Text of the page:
Jax
Alaskan Malamute
6 Years
0 found helpful
Question
0 found helpful
Jax
Alaskan Malamute
6 Years

I just adopted Jax. He is a really good dog and has met many dogs in just the few days I have had him. He knows to sit and shake and lay down. When he has met any dog he is calm, even around puppies 10x smaller than him. My boyfriend has a cat who is young and spunky. Her and Jax met the other night and I held him tightly and he ignored her... until she ran and then he got very excited and wanted to chase her. This is a HUGE problem because we are probably going to move in together soon and obviously he is a big boy (109 pounds) who we do not want hurting this cat.

Caitlin Crittenden
Caitlin Crittenden
Dog Trainer
916 Dog owners recommended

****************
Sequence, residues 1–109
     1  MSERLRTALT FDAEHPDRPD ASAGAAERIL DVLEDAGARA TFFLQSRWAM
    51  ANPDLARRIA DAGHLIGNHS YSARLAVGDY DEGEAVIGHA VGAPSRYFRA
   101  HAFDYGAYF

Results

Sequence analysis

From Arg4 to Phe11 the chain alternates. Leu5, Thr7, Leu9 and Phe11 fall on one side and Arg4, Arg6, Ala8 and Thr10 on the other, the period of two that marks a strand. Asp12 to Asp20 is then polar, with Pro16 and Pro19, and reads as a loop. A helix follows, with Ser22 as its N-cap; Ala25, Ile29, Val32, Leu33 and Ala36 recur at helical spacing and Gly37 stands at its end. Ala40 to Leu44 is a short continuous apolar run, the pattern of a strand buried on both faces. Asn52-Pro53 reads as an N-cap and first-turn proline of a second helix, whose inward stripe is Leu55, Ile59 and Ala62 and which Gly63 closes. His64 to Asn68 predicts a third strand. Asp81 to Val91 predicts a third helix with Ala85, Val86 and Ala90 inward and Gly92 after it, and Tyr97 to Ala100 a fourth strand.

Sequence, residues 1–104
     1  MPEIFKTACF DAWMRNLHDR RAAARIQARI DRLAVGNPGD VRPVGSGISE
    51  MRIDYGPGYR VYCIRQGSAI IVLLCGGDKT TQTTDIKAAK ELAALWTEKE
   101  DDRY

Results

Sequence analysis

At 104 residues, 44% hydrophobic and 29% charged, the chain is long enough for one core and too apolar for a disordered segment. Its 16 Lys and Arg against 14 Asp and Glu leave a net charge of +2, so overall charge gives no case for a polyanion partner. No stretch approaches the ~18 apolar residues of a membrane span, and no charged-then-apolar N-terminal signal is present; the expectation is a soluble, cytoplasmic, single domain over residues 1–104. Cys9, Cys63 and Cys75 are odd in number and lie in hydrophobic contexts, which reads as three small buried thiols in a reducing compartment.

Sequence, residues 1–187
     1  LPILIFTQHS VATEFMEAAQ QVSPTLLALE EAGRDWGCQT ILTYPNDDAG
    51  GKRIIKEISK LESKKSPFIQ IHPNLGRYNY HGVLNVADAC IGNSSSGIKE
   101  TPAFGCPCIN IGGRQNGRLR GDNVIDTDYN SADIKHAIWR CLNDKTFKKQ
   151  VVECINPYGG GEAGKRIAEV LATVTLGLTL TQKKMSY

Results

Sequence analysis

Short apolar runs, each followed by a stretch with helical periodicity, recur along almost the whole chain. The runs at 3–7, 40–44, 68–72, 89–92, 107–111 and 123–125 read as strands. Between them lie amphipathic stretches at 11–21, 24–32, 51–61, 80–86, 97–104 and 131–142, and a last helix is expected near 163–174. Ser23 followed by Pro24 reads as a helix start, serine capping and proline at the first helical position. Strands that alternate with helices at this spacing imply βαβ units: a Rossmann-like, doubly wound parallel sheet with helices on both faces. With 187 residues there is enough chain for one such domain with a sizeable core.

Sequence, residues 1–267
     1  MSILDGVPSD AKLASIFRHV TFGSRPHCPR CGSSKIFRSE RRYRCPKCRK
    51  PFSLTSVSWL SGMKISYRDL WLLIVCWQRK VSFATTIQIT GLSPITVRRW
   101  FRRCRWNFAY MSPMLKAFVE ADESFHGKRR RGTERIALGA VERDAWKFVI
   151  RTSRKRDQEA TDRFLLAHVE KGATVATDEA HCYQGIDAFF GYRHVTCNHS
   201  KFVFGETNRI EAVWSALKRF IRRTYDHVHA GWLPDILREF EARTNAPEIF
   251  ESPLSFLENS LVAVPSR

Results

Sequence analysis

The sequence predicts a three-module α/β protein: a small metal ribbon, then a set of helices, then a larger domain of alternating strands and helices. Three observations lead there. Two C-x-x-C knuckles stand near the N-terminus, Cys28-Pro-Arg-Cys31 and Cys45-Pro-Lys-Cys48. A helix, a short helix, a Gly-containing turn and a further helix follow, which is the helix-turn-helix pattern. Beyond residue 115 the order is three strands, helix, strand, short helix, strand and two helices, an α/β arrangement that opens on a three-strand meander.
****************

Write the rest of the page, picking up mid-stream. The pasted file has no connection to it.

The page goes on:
Hello Alex, I recommend working on pup's obedience around the cat with safety measures in place. Teaching pup things like staying on Place and Heeling past the cat, rewarding pup when they ignore the cat. Practice with the cat still at first, then walking around, then running - like when you set the cat down and they run out of the room. Check out the videos linked below. If you find that you are dealing with a more severe issue or things feel unsafe or you aren't making progress, I recommend hiring a professional trainer who specializes in behavior issues and has experience with this particular issue, working with prey drive, and building impulse, control to help. Look for someone who also comes well recommended by their previous clients. Mild cat issue - teaching impulse control: https://www.youtube.com/watch?v=IWF2Ohik8iM Moderate cat issue - teaching impulse control using corrections and rewards: https://www.youtube.com/watch?v=9dPIC3Jtn0E Severe cat issue: https://www.youtube.com/watch?v=_MLJV5PBh7Y More e-collar work with cats with the same dog: https://www.youtube.com/watch?v=v8lkbX0dhT0 Work on impulse control in general with pup, by teaching things that increase impulse control and calmness - such as a long, Place command around lots of distractions. Practicing the command until you get to the point where pup will stay on Place while you are working with the cat in the same room. You can also back tie pup while they are on place - connecting a long leash attached to pup to something secure near the Place just in case pup were to try to get off Place before you could intervene. This keeps kitty safe while practicing and reinforces to pup that they can't get off the Place. The leash should be long enough that pup doesn't feel the leash while they are obediently staying on the Place because it has some slack in the leash. Place: https://www.youtube.com/watch?v=omg5DVPWIWo Below are some other commands in general you can practice to help pup develop better impulse skill/self-control - impulse control takes practice for a dog to gain the ability to control herself. Heel article - The turns method: https://wagwalking.com/training/train-a-poodle-to-heel Down-Stay: https://www.thelabradorsite.com/train-your-labrador-to-lie-down-and-stay/ Leave It: https://wagwalking.com/training/train-a-shih-tzu-puppy-to-not-bite Out - which means leave the room: https://www.petful.com/behaviors/how-to-teach-a-dog-the-out-command/ Best of luck training, Caitlin Crittenden